JP: (Laughs.) I actually loved almost everything about it, but there were certain other people in the band who didn’t like what was going on and felt that the lead singers were always featured. Frankie always felt that it was a band, it was a democracy, it was an equal thing, and any director who favored Jimi or Dave, Frankie didn’t like that. He made it unpleasant, whether it was a video shoot or a TV show. It’s just a natural thing to focus on the guy who’s singing, so there always seemed to be tension on the sets. The “Eye of the Tiger” video was all set to be a montage of us onstage cut with scenes from the movie, which have been cool and popular. But Frankie said, “That’s going to tie us to the movie, so let’s make it the story of a rock ’n’ roll band that is rising to the top and beating the odds.” I sold that concept to Bill Dear, the director, and that’s what it became. Whether that was the best decision or not, I don’t know. Certain videos were very difficult to make because of the growing tensions in the band; it wasn’t just me and Frankie.
GM: The intro to the “Eye of the Tiger” video reminded me of the opening credits to “The Mod Squad,” but instead of running through a dark tunnel, you guys meet up one by one on a city street and strut with serious expressions to a rehearsal space. Who came up with that idea?
JP: That was Bill Dear. It was a great scene, despite the fact I was wearing a big, white sweatshirt that emphasized my girth. I wish I’d never borrowed [Epic Records product manager] Cliff O’Sullivan’s sweatshirt. It taught me a lesson. Just because he looked good in it didn’t mean I would look good in it.
GM: Well, they say the camera always adds 10 pounds.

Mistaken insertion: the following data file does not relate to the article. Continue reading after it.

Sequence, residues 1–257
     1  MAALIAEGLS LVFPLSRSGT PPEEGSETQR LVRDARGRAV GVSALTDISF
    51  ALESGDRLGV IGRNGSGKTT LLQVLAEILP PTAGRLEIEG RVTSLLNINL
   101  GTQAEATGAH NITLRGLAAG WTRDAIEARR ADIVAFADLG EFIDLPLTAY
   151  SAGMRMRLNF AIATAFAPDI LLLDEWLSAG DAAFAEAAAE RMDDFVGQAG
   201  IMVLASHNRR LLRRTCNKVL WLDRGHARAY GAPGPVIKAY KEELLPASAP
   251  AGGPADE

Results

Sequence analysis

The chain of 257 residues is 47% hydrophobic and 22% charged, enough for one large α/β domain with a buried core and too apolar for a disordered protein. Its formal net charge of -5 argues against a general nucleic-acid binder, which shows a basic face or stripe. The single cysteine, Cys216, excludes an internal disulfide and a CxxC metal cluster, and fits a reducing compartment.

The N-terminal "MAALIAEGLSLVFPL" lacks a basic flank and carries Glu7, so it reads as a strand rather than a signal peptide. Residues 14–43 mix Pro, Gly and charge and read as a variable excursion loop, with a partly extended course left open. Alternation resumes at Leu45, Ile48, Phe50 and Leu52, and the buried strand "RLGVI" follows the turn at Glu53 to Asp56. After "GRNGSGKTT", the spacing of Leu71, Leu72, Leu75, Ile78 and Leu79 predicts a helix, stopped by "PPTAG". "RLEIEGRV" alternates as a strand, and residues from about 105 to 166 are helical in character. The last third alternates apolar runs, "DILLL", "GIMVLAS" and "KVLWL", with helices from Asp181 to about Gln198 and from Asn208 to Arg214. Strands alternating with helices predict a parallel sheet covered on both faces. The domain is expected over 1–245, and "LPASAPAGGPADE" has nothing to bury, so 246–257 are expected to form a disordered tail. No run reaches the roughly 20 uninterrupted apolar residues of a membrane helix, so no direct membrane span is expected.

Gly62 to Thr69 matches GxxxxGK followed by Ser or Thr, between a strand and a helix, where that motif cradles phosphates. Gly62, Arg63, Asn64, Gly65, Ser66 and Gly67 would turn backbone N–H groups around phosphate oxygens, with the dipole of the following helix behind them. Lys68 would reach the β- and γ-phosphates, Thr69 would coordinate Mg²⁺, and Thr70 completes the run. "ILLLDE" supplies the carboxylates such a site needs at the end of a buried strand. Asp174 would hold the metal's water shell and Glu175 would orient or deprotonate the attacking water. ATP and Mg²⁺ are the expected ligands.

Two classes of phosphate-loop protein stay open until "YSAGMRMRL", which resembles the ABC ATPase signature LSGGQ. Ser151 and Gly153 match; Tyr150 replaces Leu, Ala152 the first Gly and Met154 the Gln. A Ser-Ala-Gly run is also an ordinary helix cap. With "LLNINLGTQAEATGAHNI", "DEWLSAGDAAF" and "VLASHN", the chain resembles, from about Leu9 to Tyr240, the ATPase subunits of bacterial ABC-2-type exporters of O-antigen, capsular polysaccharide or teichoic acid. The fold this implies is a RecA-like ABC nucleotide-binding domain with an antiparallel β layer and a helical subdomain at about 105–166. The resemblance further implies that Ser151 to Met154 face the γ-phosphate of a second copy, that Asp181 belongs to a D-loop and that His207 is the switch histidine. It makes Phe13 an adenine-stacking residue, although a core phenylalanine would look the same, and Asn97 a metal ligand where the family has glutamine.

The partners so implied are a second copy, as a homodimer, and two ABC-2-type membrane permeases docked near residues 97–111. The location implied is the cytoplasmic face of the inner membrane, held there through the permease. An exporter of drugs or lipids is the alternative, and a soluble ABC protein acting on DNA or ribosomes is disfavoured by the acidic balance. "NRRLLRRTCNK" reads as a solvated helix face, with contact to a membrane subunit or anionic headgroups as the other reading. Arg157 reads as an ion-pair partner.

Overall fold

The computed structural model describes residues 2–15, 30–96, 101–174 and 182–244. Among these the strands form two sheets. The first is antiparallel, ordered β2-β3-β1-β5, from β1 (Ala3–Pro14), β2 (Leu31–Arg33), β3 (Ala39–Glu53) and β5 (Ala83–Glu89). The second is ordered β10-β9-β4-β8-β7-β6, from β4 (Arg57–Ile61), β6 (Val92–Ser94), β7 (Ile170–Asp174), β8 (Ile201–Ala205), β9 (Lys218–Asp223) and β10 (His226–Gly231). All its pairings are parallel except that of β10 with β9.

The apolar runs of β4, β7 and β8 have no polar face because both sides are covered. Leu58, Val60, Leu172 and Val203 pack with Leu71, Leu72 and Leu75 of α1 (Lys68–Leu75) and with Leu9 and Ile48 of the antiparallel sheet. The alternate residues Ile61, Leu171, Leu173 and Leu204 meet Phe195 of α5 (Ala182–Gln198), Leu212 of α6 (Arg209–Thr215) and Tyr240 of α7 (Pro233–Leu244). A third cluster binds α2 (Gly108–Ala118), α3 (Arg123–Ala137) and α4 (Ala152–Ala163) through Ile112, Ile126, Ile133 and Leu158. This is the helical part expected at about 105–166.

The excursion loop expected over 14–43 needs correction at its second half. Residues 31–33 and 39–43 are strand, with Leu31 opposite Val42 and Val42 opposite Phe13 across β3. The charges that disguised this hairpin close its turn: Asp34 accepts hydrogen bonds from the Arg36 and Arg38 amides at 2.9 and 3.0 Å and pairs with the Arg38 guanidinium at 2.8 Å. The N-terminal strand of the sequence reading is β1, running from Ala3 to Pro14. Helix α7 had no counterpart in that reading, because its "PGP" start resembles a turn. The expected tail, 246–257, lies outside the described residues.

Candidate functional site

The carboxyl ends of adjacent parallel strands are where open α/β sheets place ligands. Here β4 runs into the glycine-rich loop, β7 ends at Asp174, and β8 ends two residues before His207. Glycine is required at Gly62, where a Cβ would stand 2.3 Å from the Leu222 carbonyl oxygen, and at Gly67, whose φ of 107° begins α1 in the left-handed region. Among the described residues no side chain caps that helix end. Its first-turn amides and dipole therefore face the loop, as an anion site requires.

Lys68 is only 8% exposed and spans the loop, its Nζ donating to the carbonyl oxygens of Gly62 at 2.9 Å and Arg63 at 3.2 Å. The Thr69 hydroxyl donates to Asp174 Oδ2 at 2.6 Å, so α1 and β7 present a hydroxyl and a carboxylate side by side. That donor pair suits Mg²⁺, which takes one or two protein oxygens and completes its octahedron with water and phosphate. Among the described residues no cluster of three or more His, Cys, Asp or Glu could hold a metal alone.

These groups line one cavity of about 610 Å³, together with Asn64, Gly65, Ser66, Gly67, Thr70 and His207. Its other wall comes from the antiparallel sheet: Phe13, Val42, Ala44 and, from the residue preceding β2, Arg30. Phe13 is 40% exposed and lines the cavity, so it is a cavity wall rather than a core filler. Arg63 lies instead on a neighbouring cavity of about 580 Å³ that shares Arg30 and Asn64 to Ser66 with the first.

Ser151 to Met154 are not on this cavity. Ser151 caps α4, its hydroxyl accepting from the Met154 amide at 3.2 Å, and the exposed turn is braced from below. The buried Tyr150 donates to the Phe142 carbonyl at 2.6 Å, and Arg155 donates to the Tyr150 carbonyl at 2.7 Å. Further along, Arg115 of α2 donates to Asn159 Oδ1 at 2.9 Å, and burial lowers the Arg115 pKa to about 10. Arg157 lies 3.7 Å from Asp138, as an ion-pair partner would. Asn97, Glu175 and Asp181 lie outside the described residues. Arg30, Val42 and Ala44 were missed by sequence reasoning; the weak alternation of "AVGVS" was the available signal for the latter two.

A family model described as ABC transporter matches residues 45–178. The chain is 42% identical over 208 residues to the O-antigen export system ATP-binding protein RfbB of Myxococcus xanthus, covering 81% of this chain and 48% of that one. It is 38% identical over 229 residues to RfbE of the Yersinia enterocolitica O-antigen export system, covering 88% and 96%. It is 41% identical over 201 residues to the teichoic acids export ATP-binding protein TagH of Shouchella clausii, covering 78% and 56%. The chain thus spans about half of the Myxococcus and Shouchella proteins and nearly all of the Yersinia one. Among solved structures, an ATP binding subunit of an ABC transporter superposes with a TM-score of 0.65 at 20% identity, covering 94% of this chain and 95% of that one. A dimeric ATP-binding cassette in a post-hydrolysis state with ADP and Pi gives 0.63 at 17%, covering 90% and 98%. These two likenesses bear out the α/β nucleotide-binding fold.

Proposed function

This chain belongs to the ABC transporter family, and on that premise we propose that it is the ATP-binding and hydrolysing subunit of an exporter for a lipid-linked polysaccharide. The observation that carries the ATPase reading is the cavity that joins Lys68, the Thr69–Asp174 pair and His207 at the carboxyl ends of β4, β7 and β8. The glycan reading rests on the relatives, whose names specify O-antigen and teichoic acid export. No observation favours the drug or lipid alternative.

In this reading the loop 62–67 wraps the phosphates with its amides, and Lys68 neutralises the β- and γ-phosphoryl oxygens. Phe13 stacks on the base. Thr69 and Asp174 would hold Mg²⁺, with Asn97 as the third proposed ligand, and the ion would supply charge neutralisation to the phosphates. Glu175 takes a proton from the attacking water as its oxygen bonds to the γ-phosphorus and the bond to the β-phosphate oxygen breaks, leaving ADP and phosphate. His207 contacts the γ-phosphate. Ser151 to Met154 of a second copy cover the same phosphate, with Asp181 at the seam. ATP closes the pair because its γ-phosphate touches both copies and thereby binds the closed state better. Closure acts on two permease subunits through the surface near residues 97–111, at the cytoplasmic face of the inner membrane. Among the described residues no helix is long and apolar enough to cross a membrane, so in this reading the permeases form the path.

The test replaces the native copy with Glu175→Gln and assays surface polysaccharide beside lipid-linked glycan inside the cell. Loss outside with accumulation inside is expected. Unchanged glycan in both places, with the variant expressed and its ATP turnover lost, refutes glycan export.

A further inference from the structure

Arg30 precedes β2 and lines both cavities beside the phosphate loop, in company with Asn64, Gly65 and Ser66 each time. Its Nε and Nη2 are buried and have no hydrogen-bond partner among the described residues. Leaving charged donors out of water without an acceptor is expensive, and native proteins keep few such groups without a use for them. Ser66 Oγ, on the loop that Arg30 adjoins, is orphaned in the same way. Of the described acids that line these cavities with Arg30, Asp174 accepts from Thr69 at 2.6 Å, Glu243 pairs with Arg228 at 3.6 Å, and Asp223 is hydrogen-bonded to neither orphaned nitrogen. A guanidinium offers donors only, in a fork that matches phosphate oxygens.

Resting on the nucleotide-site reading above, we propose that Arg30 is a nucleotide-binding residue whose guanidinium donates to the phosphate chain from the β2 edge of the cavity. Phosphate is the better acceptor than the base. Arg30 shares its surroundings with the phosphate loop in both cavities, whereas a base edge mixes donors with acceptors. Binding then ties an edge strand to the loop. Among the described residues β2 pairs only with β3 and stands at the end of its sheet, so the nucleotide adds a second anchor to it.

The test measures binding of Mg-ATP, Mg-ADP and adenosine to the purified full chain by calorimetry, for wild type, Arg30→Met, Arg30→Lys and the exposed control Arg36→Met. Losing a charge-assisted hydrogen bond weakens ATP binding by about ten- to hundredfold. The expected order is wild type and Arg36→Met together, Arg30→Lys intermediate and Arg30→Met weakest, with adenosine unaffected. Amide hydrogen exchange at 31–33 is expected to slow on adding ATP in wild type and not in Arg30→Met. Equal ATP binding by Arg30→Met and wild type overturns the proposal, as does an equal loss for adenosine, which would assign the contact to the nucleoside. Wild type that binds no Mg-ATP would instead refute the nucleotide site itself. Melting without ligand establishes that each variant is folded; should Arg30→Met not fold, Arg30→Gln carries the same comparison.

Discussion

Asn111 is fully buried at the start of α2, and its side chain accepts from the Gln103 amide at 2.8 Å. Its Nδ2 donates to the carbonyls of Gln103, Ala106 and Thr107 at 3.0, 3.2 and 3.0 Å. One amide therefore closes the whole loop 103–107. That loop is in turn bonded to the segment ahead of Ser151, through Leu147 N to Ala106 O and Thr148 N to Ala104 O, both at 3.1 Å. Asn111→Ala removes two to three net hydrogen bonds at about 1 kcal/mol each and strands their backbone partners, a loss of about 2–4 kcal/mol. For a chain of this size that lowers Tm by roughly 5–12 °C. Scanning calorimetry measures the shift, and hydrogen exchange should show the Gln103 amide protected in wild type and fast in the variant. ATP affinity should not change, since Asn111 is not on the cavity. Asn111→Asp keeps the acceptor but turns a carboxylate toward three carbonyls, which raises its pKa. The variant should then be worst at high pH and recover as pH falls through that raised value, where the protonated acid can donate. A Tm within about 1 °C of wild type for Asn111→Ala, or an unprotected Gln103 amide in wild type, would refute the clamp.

JP: Oh, man — 20, maybe. White wasn’t my best color then.
GM: In Chapter 24, you point out Frankie’s jealously of Jimi, the “new kid on the block.” Was Jimi fully aware of Frankie’s feelings at the time? And were you concerned that the revamped Survivor would suffer as a result of that jealousy?
JP: I sensed there was a problem immediately, when we started a tour with REO Speedwagon [in 1984]. After the first show, Frankie had a meeting with the lighting guy and changed the lighting. He clearly did not want to have Jimi be the main guy in the spotlight. I do not know if Jimi was aware of it or if he was offended by it. I never spoke to Jimi about that. But I was concerned that it would affect Jimi’s attitude.
GM: How would you describe your relationship with Jimi prior to his death last summer?
JP: It was excellent. Many years ago, we mended any fences that were broken due to the lawsuit and the two versions of Survivor, where we ended up in court in Milwaukee: Frankie and me against Jimi. Ultimately, Frankie and I did not win a stop and desist on Jimi using the name, which ultimately led to him rejoining the band after I left. As a songwriter — and that’s what I consider to be my biggest strength — [I felt] Jimi pulled the best stuff out of me, knowing that if I wrote it, he would just improve the song by the believability in his voice.
Two weeks before his death, he called me [and left a voicemail]: “Jimbo, give me a call. I miss ya. I just want to hear your voice. I’m out here on the road.” He sounded kind of down. I called him back and left him a nice voicemail: “Let’s get together.” And the next thing I know, I get a text from my personal trainer. She said, “It’s such a shame about Jimi.” There always has to be that first person [to break the bad news]. I was enjoying myself at my summer place, celebrating my son’s birthday, and to get that news was just devastating. Then while answering that text, I get a call from Amy Jamison, his daughter, and she’s sobbing. I said, “Is it true?” And she said, “Yeah, he’s gone.” And we were just crying our eyes out. It was very hard.
GM: Have you given any thought to bringing a condensed version of “Through the Eye of the Tiger” to the stage? There are plenty of good stories to work with, and of course there’s no shortage of music to drive the narrative.
JP: Hmm, wow. It’s not like I never thought of it, but you asking gives me a little bit of inspiration. Almost all plays fail, and it’s a scary thing to go outside your comfort zone, but who knows? GM